How to make happy campers out of townies

A new kind of farm holiday involving tents with mod cons suits Sarah Marling

Young George is in the chicken pen checking for newly laid eggs for the 10th time this morning. It's only nine o'clock and we're all sitting in pyjamas and Wellingtons in our tent, waiting for the kettle to boil on the wood-burning stove. Eventually, we'll fry the eggs.

This is life in the slow groove: camping safari-style, but with the hills of Hampshire rather than the African plains in view through the rolled up window flaps; with sheep, the farm's herd of suckling cattle, some haughty llamas and those slow-laying chickens as our local wildlife.

The children love the tent, which is robust, with a proper wooden floor, shelving fashioned from apple boxes, and a flush loo with a circular plank lid, like a well.

They especially like the bunks with ladder and the central wooden bed-in-a-cupboard, which gives them the feeling of being stowaways - all the more so since there's only lamplight - which was pretty good for last night's bout of spooky storytelling.

I am a townie, taking the countryside one day at a time, so I like mattresses, mesh to keep out the bugs, the soft creamy canvas lining of the tent and running (cold) water in our kitchen area. But I also like the"candelabra" of beaten metal suspended on a beam of quartered fence post that hangs over the table, and the nice array of pans and ladles around the stove. And that there's a hook or a nail for everything.

There are five tents dotted around this former orchard. Nine handy Dutchmen put them up in just five days last August, and their arrival marked the beginning of what Luite Moraal, creator of Feather Down Farms, calls "the most unique holiday experience in Britain" - one that has been running in Holland for three years. Moraal is a savvy pioneer of holiday ideas: he introduced Centre Parcs to Britain, those "sleeze-free", year-round, healthy holiday villages.

For Anna and Will Brock, the tents represent essential diversification on the farm (which is still worked by Will's father). When the couple saw the advertisement in a farming magazine searching for "Feather Down candidates", they jumped at the chance.

"The farm can't support two families," says Anna, "and anyway the camp fits with our own ideas about ecological holidays - Will and I like diving, so our holidays have mostly been in a hut with a hammock and the sea outside."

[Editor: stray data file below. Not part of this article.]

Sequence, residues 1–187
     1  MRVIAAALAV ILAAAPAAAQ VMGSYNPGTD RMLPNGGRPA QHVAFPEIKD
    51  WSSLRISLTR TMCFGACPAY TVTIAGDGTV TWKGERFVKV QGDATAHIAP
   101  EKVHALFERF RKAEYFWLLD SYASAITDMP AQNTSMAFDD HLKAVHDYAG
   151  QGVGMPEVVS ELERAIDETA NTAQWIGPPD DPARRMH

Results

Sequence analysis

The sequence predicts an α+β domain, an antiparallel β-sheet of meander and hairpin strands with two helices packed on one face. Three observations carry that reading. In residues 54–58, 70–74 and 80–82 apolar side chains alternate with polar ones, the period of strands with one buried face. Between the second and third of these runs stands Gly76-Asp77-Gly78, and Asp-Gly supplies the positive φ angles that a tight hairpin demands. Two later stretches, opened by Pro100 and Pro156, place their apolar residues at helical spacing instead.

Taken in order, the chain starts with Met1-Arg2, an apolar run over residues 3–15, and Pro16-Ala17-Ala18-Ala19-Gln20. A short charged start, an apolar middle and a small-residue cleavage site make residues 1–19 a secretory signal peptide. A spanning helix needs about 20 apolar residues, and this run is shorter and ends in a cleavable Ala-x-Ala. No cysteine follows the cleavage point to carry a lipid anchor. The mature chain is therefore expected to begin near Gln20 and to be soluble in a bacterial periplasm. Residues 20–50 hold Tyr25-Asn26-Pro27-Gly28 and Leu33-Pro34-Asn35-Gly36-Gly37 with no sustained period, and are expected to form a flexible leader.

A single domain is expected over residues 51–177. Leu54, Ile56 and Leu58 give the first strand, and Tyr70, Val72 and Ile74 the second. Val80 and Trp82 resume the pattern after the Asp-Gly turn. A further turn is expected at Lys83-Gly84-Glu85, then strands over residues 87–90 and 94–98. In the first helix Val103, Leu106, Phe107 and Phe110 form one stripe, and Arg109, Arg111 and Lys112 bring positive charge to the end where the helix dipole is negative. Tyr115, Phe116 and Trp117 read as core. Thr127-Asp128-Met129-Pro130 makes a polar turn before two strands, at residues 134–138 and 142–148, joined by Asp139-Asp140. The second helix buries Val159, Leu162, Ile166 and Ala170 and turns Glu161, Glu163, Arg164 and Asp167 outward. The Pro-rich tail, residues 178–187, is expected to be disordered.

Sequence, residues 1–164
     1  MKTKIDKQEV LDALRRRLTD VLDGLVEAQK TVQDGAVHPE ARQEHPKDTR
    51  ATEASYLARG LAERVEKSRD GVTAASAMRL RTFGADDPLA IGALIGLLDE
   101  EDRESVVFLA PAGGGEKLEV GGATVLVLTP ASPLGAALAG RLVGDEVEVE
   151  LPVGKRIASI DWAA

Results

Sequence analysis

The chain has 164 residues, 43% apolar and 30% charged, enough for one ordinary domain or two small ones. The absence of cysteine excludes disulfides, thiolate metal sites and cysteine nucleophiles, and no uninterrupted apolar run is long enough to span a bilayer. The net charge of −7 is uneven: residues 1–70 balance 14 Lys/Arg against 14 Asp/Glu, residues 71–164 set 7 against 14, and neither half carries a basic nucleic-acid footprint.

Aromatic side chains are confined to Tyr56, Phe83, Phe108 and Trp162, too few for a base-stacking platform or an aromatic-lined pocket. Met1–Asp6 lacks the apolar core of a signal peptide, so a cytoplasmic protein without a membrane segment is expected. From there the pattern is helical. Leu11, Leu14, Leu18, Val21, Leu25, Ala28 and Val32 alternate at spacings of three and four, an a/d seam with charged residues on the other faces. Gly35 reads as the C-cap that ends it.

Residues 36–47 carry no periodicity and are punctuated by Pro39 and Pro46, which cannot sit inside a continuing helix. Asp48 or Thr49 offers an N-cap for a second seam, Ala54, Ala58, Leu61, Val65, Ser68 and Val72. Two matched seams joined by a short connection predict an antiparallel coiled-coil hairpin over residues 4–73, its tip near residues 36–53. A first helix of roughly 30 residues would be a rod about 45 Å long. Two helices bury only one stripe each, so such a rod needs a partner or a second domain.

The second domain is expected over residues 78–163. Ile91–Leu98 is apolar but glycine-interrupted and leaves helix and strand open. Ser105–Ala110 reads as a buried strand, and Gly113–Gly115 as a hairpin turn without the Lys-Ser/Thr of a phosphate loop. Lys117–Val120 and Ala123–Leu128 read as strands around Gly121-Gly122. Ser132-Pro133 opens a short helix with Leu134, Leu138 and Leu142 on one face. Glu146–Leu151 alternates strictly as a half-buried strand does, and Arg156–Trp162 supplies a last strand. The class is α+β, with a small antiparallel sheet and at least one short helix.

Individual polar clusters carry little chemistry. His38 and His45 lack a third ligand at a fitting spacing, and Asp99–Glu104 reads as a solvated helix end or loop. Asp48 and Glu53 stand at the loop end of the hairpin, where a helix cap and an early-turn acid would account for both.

She also runs the farm's ready-made organic meals business, and her tasty sausages, lasagnes, stews, quiches and pasta sauces are now, very usefully, stocked in the honesty shop for campers who have coaxed their stoves into fiery action. We sampled the bolognaise and some local soft cheese, and we had our milk in a tiny churn - all kept in the cool box in the tent where the temperature is maintained by iced "hot water-bottles".

The whole idea plays to our desire for simplicity, for the "ethical holiday" that keeps pace with what we take to be the rhythms of nature. So, we do not mind parking the car in the farmyard, taking our luggage in a wheelbarrow to the tent and forgetting four wheels in favour of bikes. We're happy to lose an hour petting the tame sheep in their enclosure. Happy to collect a loaf of home-baked bread and, if the hens are not rebelling from George's constant interruptions, pocketing some warm eggs.

After breakfast we shuffle across the field to the shower block. This is a converted farm building with a row of well lit, smoothly tiled new showers, which burst into life with generous hot water.

This part of Hampshire is Gilbert White territory. The naturalist (credited as the country's first ecologist) was born just up the road in Selborne, where his handsome house is now a museum. He may well have preached to the faithful at the 12th-century Church of St Nicholas, which we can see from the tent.

White's theme was the interdependence between plants and creatures in Nature. That notion has now found its way into holidaymaking. And there's nothing as powerful as an idea in its time. Our fellow campers spent part of their weekend at the farmers' market in nearby Alton; we looked at Roundhurst Farm near Haslemere where organic farming and food production were being launched as an "attraction" with a big outdoor party.

There are now nine Feather Down Farms, including one on Prince Charles' Duchy of Cornwall land. Critics may argue that this is a rural idyll invented for affluent urbanites. Maybe Feather Down does give us a false impression of life on a farm - after all, there are no piles of rusty discarded machinery, no miserable animals drowning in mud or fences patched with baler twine. We can surely hope that campers will be as good for farms as farms are for campers.

Alternative eco-friendly sites

Deepdale Farm, north Norfolk (01485 210256, Close to the spectacular beaches and saltmarshes of the north Norfolk coast, this sizeable farm site has both tepees and conventional tents, as well as a backpackers' hostel. The long-distance coastal path passes nearby and there is great cycling on tracks around the farm and on quiet inland roads. Riding and sailing can also be organised locally. Tepees cost from 90 a night for three to six people, including a chiminea, ready laid with firewood, chairs, mattresses, barbecue and lantern.

The Telegraph - Journalist: Sarah Marling